As we have “matured” (OK, gotten old), my husband and I have opted for early voting. We make our obligatory trek to the Marion County Clerk’s Office in the City-County Building, and generally are in and out in a very few minutes—secure in the belief that, if we’re hit by a bus before Election Day, our votes will still count.
On April 23, our experience was a bit different. The place was mobbed with early voters.
Evidently, the large early turnout wasn’t a surprise, because the Clerk’s Office was set up to accommodate it. Even with relatively long lines, the process was fast and efficient. But it did give rise to a question (posed in terms appropriate for a Passover seder): Why is this primary election different from other primary elections?
I can only assume the show of interest this year is a combination of the fact that it’s a presidential year, and that Indiana’s primary will actually matter. Most years, America has chosen its nominees well before the process comes to the Hoosier state, and it’s hard to persuade non-base voters to cast a ballot that will make no difference.
Of course, the reason our primary will matter—the reason neither party has definitively settled on its nominee—is disconcerting. To be blunt, this has been a year when politics appears to have become untethered to information about the system candidates are vying to control.
First of all, look at that word: control. On both sides of the political aisle, presidential candidates are making sweeping promises about what they “will” do if elected. Granted, for the Democrats, Sanders admits he’ll need a “revolution” in order to make good on his promises, which signals that he’s somewhat connected to reality. But on the Republican side, both “The Donald” and Cruz are proposing measures that fly in the face of 200 years of American constitutional law. (Trump has clearly never heard of things like “separation of powers” or “checks and balances,” while Cruz—who surely knows better—proposes to appoint justices who will ignore two centuries of church/state jurisprudence. Good luck with that, Ted.)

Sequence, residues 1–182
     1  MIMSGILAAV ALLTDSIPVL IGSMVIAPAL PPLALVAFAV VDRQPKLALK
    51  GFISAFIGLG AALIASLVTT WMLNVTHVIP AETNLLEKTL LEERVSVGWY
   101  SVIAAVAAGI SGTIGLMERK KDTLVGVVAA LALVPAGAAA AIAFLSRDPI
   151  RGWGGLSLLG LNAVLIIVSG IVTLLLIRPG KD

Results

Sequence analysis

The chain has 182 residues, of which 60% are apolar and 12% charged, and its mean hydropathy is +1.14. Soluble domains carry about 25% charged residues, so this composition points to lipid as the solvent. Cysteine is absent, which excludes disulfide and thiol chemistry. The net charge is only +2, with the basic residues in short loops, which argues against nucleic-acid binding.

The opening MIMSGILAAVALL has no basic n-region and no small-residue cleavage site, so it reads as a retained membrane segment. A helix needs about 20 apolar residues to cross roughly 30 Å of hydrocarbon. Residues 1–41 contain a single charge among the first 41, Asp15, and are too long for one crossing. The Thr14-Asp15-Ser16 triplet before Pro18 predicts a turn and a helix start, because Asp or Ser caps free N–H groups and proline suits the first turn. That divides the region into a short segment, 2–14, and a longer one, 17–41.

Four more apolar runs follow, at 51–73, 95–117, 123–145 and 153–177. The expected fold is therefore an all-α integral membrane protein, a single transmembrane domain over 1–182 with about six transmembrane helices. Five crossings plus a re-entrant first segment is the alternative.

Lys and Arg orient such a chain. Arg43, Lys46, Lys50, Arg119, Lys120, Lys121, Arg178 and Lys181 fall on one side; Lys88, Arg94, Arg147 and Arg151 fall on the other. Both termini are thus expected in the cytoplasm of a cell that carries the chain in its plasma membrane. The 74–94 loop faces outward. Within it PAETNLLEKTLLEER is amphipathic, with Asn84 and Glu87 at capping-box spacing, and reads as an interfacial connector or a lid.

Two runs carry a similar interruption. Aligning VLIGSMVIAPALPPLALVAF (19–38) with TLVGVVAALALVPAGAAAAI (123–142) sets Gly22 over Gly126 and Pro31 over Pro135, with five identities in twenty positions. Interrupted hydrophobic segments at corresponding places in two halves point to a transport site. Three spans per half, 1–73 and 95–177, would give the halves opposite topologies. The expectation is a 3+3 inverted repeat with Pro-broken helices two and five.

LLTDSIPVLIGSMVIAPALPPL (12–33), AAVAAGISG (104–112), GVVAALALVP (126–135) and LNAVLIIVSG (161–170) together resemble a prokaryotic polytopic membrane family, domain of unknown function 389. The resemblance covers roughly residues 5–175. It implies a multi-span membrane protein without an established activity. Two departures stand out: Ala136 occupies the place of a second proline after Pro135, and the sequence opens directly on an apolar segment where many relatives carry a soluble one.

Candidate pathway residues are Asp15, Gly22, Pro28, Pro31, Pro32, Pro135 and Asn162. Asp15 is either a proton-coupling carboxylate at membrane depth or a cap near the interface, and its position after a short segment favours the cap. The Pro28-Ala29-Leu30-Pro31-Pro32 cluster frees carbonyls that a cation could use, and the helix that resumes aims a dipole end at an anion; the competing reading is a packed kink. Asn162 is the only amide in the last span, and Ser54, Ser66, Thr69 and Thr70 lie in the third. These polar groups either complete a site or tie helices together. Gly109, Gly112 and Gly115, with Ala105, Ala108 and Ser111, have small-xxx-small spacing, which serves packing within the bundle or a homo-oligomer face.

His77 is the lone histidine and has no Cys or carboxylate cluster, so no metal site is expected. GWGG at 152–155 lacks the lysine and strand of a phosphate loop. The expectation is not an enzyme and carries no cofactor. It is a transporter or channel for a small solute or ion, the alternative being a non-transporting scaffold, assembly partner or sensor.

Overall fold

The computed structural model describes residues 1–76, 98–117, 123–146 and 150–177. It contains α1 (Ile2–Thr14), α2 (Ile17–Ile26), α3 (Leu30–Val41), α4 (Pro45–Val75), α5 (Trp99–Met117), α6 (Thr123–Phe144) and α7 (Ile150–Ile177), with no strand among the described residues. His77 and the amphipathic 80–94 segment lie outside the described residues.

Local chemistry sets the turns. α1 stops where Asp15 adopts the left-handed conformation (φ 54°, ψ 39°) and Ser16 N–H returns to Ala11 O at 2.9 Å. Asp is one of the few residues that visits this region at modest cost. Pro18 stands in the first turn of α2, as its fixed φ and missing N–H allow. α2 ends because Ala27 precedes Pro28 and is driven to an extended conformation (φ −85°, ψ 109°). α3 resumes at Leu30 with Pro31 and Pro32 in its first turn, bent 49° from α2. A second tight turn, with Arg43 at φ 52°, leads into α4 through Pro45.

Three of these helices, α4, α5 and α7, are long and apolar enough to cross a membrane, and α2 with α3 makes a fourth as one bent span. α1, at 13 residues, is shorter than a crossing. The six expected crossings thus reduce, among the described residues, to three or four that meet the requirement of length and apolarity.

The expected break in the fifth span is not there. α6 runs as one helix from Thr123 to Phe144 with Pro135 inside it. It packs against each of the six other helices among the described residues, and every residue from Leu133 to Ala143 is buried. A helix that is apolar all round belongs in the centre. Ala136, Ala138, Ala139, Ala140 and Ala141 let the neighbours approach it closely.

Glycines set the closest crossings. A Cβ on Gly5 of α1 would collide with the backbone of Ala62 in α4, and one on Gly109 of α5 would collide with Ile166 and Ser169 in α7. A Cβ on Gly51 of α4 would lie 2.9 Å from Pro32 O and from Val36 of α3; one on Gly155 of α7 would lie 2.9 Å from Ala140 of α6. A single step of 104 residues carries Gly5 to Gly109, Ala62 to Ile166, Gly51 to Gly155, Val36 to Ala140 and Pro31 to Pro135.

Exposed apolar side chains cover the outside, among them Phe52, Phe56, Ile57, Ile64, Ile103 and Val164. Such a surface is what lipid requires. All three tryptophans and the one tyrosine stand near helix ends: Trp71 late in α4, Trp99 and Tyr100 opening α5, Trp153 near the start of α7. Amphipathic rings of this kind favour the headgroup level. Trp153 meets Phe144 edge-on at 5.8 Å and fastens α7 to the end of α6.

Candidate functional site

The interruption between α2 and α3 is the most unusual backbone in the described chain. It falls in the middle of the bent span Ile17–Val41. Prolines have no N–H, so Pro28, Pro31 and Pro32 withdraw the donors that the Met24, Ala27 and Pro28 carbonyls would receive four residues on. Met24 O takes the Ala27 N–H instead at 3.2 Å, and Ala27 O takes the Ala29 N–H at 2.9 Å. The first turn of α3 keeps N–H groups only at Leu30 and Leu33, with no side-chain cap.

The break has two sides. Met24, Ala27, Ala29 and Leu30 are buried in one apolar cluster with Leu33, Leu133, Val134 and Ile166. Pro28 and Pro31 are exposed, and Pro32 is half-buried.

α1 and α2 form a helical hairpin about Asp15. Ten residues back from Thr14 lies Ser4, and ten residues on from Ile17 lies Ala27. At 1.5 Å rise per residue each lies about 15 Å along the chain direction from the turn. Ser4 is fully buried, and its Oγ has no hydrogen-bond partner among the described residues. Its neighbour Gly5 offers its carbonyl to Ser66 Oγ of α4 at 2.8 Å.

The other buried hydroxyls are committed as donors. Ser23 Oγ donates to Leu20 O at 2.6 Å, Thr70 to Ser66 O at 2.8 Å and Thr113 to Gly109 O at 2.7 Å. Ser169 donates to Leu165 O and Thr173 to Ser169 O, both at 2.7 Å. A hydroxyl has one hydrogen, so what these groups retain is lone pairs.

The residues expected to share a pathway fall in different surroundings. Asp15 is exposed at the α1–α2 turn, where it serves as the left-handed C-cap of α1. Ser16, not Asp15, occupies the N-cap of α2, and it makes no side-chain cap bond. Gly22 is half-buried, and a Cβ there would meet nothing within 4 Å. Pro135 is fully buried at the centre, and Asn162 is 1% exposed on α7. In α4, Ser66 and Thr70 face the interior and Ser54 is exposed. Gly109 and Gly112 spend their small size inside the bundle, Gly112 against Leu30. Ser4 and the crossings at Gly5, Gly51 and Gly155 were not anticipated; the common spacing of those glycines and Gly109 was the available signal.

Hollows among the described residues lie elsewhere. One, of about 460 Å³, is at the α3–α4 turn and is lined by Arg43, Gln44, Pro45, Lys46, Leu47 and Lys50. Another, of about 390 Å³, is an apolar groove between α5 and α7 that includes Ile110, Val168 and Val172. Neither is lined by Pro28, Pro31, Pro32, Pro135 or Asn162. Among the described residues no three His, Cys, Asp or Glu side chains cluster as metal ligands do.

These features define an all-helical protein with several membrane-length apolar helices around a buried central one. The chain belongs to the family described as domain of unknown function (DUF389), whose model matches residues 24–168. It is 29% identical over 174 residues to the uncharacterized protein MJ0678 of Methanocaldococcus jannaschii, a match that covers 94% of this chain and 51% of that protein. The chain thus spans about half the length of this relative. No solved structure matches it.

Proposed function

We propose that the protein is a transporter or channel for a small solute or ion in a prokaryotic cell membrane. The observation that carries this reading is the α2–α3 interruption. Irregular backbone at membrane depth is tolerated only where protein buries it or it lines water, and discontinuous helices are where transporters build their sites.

Candidates’ making grandiose promises that are impractical or unconstitutional or counterproductive is nothing new. What is troubling, at least to someone who teaches public administration through a constitutional lens, is that large numbers of voters don’t seem to understand the most basic rules of the system these candidates propose to manage.
A substantial percentage of the American population appears to believe we elect a person to serve as “monarch” for a four-year term. He or she will assume office, wave that magic wand, and change or create rules and/or policies at will. I am constantly bemused by my friends on the political left who complain that Obama has been such a disappointment, because he hasn’t done thus-and-so: closed Guantanamo, reformed immigration policy, whatever. They seem utterly oblivious to the fact that Congress has a role to play if these policies are to be realized—and that Congress has shown no inclination even to come to the playground, let alone cooperate.
Indeed, this Congress has refused even to consider (as in “look at”) either the president’s budget or his nominee for the vacancy on the Supreme Court.
When and if the American people show as much interest in off-year elections, and elections for the U.S. House of Representatives and Senate, as they do for choosing our supposed monarch, I’ll feel a whole lot better.•
Kennedy is a professor of law and public policy at the School of Public and Environmental Affairs at IUPUI. She can be reached at firstname.lastname@example.org.